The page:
This shortline probably more properly belongs in the "What Might Have Been" category in as much as it never got beyond initial construction phases. The basic concept for the Eagle Valley Railroad was to extend a line from Baker City northeast into the Eagle Valley. There was a great deal of activity on the proposed railroad in the years immediately after 1900. The railroad was the brainchild of one W.L. Vinson, who in late 1904 incorporated the Eagle Valley Railroad Company with an initial capital stock set at $1,000,000. Baker City's The Spokesman Review reported the following in their edition of 26 January 1905:

Surveyors were busy today making the final survey through the city for the Eagle Valley Railway Company, a franchise for which was granted at the last meeting of the city council. Like the Sumpter Valley line, this will be a narrow gauge road, and the rumor has it that for a time repair work will be done at the Sumpter Valley Company's shops. W.L. Vinson, promoter of the Eagle Valley road, gave assurances that the money for building the road has been secured, and that grading will be commenced as soon as the frost is out of the ground. A junction with the O.R.&N. and connection with the Sumpter Valley Railway will be made at this point. One advantage will accrue to the mine operators of Cornucopia and the Seven Devils because it will be narrow gauge and will obviate the necessity of a transfer in shipping to the Sumpter smelter."

There were several reports in 1906 that David Eccles, builder of the Sumpter Valley Railway and the Oregon Lumber Company, had taken over the project from Vinson, and at least some of these hinted that the railroad might have been planned at that time to be an electrified railroad. Typical of these reports is the following from the 29 September 1906 edition of The Railway and Engineering Review:

"It is reported that David Eccles, president of the Sumpter Valley Ry. and the Odgen & Northwestern, at Ogden, Utah, has announced that he will take over the Eagle Valley Railway project, promoted by W.L. Vinson, and built the road from Baker City, Ore., east to the Snake River, 75 miles. Baker City is reported to be raising a bonus of $100,000 in aid of the road."

A 1907 edition of Sunset magazine said the following about the railroad in an article about Baker City:

Plans are being constructed for the building of a steam railroad from Baker City to Eagle valley, sixty miles, covering the great copper belt which is being developed, and tapping four hundred million feet of standing timber, all of which will furnish tonnage and passenger traffic, and many pay-rolls. Most of this will directly benefit Baker City, and millions of dollars will be added to the mineral output of Baker county from the great copper belt."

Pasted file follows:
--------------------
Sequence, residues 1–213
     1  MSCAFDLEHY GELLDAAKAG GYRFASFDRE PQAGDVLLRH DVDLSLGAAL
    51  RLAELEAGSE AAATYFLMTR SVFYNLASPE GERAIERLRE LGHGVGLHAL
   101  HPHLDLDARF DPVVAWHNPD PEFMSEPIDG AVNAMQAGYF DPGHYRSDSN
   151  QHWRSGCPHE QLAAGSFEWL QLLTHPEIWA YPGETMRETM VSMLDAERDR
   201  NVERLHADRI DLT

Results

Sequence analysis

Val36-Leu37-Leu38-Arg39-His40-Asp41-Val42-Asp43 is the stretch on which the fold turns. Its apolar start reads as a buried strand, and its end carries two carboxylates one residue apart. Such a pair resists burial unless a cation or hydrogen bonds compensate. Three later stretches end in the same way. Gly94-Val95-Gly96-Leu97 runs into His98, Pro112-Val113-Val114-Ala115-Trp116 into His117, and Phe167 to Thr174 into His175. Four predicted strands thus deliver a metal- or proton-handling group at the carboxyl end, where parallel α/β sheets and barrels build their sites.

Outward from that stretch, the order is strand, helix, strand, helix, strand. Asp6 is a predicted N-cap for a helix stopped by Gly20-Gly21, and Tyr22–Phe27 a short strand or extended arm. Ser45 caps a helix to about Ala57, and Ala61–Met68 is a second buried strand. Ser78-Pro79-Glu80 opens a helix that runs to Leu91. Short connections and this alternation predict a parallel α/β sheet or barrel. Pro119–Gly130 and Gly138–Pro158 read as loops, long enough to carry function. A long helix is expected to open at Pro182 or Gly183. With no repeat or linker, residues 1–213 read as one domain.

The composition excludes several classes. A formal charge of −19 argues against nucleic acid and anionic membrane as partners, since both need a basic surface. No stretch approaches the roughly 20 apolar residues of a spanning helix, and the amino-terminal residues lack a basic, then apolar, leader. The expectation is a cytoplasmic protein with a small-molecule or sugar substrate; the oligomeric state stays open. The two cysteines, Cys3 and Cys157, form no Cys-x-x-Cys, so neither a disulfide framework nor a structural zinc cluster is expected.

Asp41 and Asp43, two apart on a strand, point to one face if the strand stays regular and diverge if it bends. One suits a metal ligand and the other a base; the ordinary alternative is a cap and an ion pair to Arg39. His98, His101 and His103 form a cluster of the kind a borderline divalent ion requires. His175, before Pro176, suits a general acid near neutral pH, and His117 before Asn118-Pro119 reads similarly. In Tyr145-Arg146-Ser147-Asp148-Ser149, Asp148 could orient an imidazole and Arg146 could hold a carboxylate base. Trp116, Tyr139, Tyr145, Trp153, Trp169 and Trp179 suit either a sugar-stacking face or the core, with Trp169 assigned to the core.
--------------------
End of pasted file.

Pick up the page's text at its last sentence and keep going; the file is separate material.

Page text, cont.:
Safe to say, construction on the railroad did not begin "as soon as the frost is out of the ground" in 1905. The railroad had however apparently gotten closer to building something in 1908, as indicated by a short news item in The Pacific Monthly, A Magazine of Education and Progress that also identified another sector of the area economy that the railroad would benefit:

"Baker City, Oregon- Construction is to be begun at once by the Eagle Valley Railroad Company on their thirty-mile extension into the rich Eagle Valley. This is one of the best producing fruit districts of the West. It has captured a number of world prizes at exhibits, and fruit raising is immensely profitable even now, when the produce must be hauled thirty miles by wagon to market."

The 30 January 1909 publication of The Mining World indicated construction had actually commenced:

Practically all of what is commonly known as the Eastern Oregon district lies in Baker county, the whole territory being covered by the Blue mountains. Only the outer edges of this mineral belt extend into Wallowa and Union counties on the north, and into Malheur and Harney counties on the south. The belt extends intermittently to the west, however, into Crook county. The Eastern Oregon district was active during 1908, and the close of the year marks a substantial growth and advance in the general condition of things. A number of enterprises have been under way, and not a few completed,, which have done much to solve the troublesome problem of transportation, upon which the profitable working of many of the properties is contingent. The building of the Baker City & Eagle Valley railroad will do more in this regard than any single enterprise that has been promoted in this district for years. Construction work is now in progress on this line, and its completion will mark an important era for Baker county."

The railroad actually did break ground in Baker City around 1909 and built about seven miles of grade heading to the east, then climbing up Flagstaff Hill and entering the western edge of Virtue Flat before all work on the project abruptly ceased and was never resumed. If Eccles was still behind the project at that time, he was involved in a great many projects over a vast geographic area and may have simply lacked the capital and focus to push the project any farther than it got. The reserves in the great mining district referenced in the above passages also proved to be not as deep or valuable as first thought, and the mining boom was effectively over by 1910. The Oregon Short Line also built its Homestead Branch north along the Snake River at this same time, which would have put the narrow gauge line at a significant competitive disadvantage had it been built. Two or three miles of the grade can still be seen today winding up Flagstaff Hill next to the state highway, and the Oregon Trail Interpretive Center located at the top of the hill had a trail loop named for the railroad and at least one interpretive sign speaking to its history.